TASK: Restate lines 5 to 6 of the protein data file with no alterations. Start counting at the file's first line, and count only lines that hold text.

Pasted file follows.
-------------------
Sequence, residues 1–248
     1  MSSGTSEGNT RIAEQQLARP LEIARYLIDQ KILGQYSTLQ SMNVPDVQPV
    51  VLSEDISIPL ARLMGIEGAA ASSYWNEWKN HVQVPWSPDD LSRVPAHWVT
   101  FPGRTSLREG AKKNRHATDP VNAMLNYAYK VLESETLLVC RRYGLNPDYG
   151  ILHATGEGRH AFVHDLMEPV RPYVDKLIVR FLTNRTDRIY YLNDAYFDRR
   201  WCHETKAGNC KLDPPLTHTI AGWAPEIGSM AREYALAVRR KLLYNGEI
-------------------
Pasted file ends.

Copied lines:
   151  ILHATGEGRH AFVHDLMEPV RPYVDKLIVR FLTNRTDRIY YLNDAYFDRR
   201  WCHETKAGNC KLDPPLTHTI AGWAPEIGSM AREYALAVRR KLLYNGEI